Usually “Informal” User Testing is the Best ROI
Too often “user-testing” can mean a months-long process that only creates reams of documentation that go unread. We typically focus on getting the highest-value results as quickly as possible. Our staff is trained in methods of identifying target customers, segmenting them, and then building understanding of how to optimally design for those target groups. We do this in a way that balances the need to move fast with the rigor and balance of an unbiased experiment.
We work with our clients to develop an understanding of the target market, and then challenge those assumptions to create a nuanced view of the target customer. Then we’ll identify ways to quickly reach people in those markets (including Facebook ads, attending industry meetups, finding enthusiasts on Instagram, and more) and schedule a series of interviews with those users (in the office or at a coffee shop), which are recorded, transcribed, and mined for insights.
Once a prototype has been developed, we’ll sit down with additional users in the target areas to gauge the usability of the prototype and ensure that it’s meeting their needs. In our experience, no other methodology works as quickly to ensure that we’re building products to delight customers.
If Needed – Formal Usability Testing in a Lab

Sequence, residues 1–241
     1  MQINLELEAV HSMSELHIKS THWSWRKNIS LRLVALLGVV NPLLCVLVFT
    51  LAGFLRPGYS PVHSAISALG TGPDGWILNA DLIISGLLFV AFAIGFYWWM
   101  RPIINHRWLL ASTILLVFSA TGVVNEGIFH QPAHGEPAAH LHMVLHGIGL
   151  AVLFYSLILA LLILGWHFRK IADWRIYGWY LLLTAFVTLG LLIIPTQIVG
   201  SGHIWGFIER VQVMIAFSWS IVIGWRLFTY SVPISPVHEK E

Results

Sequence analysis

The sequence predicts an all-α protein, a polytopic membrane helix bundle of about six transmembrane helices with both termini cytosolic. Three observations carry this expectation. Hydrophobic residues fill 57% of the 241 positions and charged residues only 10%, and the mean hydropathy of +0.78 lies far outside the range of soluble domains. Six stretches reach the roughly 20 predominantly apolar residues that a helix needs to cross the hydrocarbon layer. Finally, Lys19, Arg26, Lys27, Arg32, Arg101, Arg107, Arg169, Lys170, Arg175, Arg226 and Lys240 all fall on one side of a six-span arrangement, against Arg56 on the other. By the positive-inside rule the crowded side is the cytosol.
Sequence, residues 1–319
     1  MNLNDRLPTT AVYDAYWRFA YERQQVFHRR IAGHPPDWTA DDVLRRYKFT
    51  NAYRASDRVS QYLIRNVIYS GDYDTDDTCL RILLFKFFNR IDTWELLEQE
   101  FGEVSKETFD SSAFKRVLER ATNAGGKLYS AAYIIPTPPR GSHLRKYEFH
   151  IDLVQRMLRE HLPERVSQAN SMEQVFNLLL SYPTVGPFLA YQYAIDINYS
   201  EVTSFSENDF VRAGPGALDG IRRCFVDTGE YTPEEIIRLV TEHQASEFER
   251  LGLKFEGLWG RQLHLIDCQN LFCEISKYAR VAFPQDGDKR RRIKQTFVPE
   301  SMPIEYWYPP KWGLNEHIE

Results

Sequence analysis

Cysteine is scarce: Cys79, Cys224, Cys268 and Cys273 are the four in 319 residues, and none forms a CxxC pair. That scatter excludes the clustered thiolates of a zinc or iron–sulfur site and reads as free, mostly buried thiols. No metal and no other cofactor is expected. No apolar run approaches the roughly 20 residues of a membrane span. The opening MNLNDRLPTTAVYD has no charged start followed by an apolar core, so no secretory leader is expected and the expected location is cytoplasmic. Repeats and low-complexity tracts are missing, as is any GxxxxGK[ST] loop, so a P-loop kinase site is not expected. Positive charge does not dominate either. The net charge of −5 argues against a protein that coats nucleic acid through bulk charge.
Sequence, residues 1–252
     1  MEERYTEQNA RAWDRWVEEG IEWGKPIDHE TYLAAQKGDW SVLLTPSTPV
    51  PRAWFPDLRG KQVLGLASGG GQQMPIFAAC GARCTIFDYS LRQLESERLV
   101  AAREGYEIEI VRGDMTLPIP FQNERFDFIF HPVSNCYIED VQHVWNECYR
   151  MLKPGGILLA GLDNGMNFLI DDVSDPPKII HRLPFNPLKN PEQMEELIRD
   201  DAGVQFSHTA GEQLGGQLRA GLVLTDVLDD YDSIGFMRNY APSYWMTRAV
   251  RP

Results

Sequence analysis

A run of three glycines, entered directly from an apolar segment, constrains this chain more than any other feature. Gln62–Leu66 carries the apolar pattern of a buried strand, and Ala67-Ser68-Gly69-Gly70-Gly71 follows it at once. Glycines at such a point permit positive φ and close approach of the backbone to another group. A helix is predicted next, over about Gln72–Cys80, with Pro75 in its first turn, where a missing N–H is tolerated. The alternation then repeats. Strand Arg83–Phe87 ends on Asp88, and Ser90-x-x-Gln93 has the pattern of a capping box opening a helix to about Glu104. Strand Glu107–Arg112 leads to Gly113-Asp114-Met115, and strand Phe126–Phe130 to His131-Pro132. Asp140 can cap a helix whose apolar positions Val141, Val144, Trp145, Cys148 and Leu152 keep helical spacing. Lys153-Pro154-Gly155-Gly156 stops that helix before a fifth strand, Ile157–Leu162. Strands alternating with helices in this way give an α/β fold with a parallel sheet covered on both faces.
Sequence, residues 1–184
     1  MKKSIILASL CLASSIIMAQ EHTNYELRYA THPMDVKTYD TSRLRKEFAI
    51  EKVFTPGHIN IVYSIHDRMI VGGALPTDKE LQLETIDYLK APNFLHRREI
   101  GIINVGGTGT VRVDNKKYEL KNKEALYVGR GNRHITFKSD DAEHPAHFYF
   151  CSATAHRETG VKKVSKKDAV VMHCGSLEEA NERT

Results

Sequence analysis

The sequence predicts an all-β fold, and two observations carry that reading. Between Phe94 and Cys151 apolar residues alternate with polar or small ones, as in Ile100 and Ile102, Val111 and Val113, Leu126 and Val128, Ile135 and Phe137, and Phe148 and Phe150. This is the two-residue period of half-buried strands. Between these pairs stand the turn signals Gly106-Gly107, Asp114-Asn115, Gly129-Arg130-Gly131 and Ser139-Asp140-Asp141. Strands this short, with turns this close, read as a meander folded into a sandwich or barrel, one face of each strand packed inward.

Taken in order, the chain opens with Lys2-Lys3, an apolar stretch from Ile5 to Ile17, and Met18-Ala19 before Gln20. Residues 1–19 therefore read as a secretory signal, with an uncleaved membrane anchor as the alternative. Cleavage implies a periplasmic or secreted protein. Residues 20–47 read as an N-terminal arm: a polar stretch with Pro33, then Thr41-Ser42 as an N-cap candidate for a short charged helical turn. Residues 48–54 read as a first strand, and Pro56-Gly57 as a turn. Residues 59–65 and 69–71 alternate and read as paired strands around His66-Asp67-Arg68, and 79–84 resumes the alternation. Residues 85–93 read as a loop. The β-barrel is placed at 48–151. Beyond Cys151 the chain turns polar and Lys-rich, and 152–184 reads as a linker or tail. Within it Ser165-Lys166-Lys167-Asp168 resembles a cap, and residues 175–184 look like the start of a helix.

In these cases, we handle the entire project “turn-key,” including recruiting and compensating the participants, preparing the testing facility, and reporting the results. We expect the following work will be required, in ongoing collaboration with the client:
- Kickoff / Assessments
- Discuss top-level goals, what is good and bad about the existing product, areas for improvement, advantages / disadvantages, motivators, drawbacks, calls-to-action. Discuss hypotheses (e.g. “we think it breaks because of x”).
- Discuss metrics that might be available that suggest current product performance or areas for improvement.
- Discuss demographic breakdowns (e.g. lean more towards customers that are shopping for more expensive items or just an “across the board” type of customer sample).
- Develop a screener that successfully selects for the right participants from the general population. Attempt to screen for certain recent qualifying activities related to the task (i.e. visited a competitors web site, purchased books on the subject, etc.).
- Recruit participants from the general population. Recruit “floater” participants to be available as-needed in the case of no-shows or disqualified participants. Compensate the participants.
- Develop test materials including the moderator guide. Handle the multiple ways and platforms in which the product should be tested (e.g. mobile, web, tablet, etc.).
- Run the usability testing and handle the testing logistics.
- Prepare the testing facility, prepare the technology (including video recording and live stream if necessary), prepare the observation room with large screen, and prepare all of the devices that are to be tested.
- Expect several days at the usability testing lab.
- Testing conducted by UX Researchers under the supervision of our Engagement Manager. Detailed logging and note taking.
- Some participation by client, e.g. two to five people in attendance per day observing the testing in progress. Parking and meals to be provided.
- Conduct analysis and report testing results. Review and crunch the resulting data. Report on the results, issues, and recommendations in an actionable presentation format.